Journal of Soils and Sediments

, Volume 10, Issue 3, pp 484–493

Shrinkage processes of a drained riparian peatland with subsidence morphology


DOI: 10.1007/s11368-009-0130-9

Cite this article as:
Gebhardt, S., Fleige, H. & Horn, R. J Soils Sediments (2010) 10: 484. doi:10.1007/s11368-009-0130-9



The drainage of a riparian peatland interspersed with organic and mineral substrates in Northern Germany has led to subsidence morphology due to mineralisation, initial settlement and shrinkage processes causing cultivation problems and yield declines. To explain the relevancy of shrinkage to changes of the surface morphology and soil properties, organic and mineral substrates were analysed with regard to (1) shrinkage potential (i.e. the maximum shrinkage), (2) shrinkage curve, (3) actual in situ shrinkage and (4) irreversible shrinkage proportions.

Materials and methods

The investigated substrates are sedge peat, peat-clay, half-bog and alluvial sand of Fibric Limnic Histosols (Drainic) and a glacial clay for comparison. The methods used to obtain the shrinkage curves include the consideration of crack formation due to desiccation, as digital photography and image analysis were used in addition to height change measurements. To characterise the actual in situ shrinkage, continuous records of the soil matric potential for a 4.5-year period at two different intensively drained Histosols (moderately and deeply drained: mean groundwater table 0.6 and 1.7 m under ground level) were accomplished in four depths (15, 40, 70, 100 cm).


The measured shrinkage potentials vary between 2% (alluvial sand) and 65% (peat-clay). The sedge peat and peat-clay are characterised by distinct higher shrinkage potentials compared to the glacial clay and show distinct proportional shrinkage. It has to be pointed out that the soil volume loss partly even exceeds the loss in water volume. The sedge peat does not reach residual or zero shrinkage but shows distinct structural shrinkage at initial desiccation. For the moderately drained site, matric potentials reached up to −60 kPa in summer in 15-cm depth, whilst capillary rise almost prevented desiccation of deeper zones. For the deeply drained site, summer desiccation reached deeper zones as well (matric potential up to −50 kPa in 40-cm depth) due to absent capillary rise. In the range of actually occurring maximum desiccation, the half-bog and peat-clay with high decomposed organic matter are particularly affected by shrinkage with volume decreases of 10–14%, in contrast to the fibred sedge peat with only 4%. When uniquely shrunken substrates will be re-wetted, distinct irreversible shrinkage proportions reaching between 18% and 31% subsequent to drying to a matric potential of −50 kPa and re-saturation were measured.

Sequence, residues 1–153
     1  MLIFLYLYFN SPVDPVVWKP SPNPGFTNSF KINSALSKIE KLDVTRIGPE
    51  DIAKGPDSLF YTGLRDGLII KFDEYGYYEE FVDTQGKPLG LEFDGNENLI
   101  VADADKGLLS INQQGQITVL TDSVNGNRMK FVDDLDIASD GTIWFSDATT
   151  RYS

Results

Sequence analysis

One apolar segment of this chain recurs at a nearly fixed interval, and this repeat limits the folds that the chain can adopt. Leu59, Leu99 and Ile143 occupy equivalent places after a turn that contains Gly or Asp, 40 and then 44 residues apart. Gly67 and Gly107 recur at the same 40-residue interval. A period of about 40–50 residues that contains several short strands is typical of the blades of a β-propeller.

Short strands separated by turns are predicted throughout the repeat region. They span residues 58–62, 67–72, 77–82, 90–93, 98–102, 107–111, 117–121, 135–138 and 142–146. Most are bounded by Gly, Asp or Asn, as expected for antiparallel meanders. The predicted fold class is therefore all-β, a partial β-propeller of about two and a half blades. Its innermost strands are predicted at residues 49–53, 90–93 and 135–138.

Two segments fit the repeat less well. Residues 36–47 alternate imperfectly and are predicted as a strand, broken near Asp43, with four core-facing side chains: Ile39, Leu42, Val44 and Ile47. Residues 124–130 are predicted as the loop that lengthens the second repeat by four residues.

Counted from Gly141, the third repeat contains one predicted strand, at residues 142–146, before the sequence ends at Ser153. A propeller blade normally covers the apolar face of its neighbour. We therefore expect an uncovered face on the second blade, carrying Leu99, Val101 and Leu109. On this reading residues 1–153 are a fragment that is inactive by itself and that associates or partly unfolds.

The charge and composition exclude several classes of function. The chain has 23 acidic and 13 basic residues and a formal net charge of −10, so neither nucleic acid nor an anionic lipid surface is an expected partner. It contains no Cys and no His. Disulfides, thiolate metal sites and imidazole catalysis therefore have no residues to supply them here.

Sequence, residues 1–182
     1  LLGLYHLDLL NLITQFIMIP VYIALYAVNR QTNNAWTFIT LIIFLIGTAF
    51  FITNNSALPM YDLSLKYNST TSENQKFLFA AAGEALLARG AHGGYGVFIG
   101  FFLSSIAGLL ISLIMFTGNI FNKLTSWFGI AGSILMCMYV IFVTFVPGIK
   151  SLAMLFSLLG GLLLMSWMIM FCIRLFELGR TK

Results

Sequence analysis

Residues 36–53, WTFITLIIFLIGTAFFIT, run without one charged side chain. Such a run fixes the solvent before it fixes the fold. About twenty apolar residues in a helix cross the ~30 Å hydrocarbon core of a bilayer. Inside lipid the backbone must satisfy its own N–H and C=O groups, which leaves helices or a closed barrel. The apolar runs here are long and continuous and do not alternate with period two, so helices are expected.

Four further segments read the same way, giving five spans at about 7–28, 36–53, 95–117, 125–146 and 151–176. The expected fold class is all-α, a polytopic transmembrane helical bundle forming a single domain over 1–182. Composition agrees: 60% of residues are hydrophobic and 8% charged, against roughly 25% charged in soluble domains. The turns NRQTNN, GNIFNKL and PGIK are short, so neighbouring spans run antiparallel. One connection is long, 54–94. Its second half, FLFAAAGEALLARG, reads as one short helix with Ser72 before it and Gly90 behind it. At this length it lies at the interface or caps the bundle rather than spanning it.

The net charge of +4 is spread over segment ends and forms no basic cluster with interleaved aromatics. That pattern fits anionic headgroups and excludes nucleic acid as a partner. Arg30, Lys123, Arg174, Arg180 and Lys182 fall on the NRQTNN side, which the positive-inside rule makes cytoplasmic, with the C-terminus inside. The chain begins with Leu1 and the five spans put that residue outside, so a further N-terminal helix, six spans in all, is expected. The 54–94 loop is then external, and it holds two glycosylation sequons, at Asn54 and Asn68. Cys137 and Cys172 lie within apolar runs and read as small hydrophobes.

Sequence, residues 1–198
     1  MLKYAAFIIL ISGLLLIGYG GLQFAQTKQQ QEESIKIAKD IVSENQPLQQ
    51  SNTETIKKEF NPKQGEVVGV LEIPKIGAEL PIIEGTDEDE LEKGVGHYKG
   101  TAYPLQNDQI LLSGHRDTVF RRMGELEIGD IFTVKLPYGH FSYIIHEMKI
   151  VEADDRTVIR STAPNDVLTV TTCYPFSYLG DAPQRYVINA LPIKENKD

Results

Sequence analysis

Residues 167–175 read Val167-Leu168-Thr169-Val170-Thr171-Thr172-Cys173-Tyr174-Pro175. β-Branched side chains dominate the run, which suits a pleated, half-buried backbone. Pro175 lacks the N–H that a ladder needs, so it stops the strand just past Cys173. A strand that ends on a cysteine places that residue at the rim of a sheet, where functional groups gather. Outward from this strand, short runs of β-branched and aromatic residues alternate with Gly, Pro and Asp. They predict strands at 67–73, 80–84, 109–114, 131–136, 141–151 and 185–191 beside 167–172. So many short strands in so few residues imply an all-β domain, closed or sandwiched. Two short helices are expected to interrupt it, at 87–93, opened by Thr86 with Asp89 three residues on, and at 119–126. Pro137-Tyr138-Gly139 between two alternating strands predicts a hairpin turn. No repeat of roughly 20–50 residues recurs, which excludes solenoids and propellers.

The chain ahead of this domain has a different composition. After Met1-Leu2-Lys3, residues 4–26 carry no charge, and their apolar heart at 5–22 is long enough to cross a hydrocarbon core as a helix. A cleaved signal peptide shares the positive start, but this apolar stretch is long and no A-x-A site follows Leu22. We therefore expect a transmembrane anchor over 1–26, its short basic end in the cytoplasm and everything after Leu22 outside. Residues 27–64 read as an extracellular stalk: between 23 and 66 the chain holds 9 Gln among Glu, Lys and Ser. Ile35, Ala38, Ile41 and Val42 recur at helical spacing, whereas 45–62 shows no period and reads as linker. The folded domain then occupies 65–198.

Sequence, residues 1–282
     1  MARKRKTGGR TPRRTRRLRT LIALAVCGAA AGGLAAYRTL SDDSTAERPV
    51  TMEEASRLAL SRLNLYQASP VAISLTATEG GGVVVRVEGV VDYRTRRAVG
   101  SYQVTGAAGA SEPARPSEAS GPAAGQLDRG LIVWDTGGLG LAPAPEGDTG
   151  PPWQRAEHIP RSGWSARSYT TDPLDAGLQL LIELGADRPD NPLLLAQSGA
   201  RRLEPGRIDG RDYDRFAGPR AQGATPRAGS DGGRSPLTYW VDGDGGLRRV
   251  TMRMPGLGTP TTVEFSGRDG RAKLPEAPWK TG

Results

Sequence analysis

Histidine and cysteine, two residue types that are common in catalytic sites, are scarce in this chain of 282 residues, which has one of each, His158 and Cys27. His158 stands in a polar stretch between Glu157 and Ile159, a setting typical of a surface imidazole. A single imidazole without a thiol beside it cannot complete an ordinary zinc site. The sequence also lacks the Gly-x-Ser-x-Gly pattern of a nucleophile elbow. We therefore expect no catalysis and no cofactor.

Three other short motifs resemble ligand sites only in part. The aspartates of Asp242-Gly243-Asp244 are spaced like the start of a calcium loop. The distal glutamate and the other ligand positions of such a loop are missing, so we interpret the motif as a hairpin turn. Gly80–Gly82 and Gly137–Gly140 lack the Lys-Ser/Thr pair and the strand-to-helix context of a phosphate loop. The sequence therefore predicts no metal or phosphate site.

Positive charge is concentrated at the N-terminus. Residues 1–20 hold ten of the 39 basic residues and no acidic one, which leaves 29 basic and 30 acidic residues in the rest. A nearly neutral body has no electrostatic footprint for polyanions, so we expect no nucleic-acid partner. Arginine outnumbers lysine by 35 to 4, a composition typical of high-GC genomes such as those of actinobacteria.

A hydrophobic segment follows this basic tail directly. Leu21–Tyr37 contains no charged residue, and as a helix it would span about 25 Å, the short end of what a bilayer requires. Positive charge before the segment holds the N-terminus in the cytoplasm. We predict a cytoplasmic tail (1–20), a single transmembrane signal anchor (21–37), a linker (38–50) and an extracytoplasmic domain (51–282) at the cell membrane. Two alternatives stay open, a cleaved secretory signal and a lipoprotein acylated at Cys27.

Particularly, the organic-rich substrates appeared as characteristically sensitive to soil shrinkage. Contrary to mineral substrates, they lack in solid particles, leading, along with high hydraulic stresses due to dominantly finer pores, to intense volume decreases after desiccation. These substrates therefore partly also lack in residual or zero shrinkage, and the soil volume loss can even exceed the water loss due to shrinkage. Accordingly, the alterations of soil properties, e.g. conductivities, are especially pronounced.


The calculated proportion of actual in situ shrinkage (0.5 to 1 dm) to total subsidence of the investigated peatland is rather low for the deeply drained site in comparison to initial settlement (2–3 dm) and long-term active mineralisation (e.g. 4 dm in 40 years, mineralisation rate 1 cm year−1) but accelerates the latter because of enhanced aeration due to crack formation. Irreversible shrinkage is one reason why re-wetted fen peats do not retrieve their initial volume as well as their initial physical and hydraulic properties. Thus, a re-wetting of drained fen peats can only preserve the present condition.

Recommendations and perspectives

To impede the further impairment of riparian peatlands, it is necessary to maintain a near-surface water table particularly throughout the summer months, when high desiccation occurs, leading to a spatially differentiated proportion of initial settlement, shrinkage and mineralisation, causing subsidence morphology. Our recommendation is a drainage depth of less than 60 cm to enable pasture or grassland land use and to minimise mineralisation as well as structure formation in the (sub)soil.


DrainageHistosolRiparian peatlandShrinkage curveShrinkage potential

Copyright information

© Springer-Verlag 2009

Authors and Affiliations

  1. 1.Institute for Plant Nutrition and Soil ScienceChristian-Albrechts-University KielKielGermany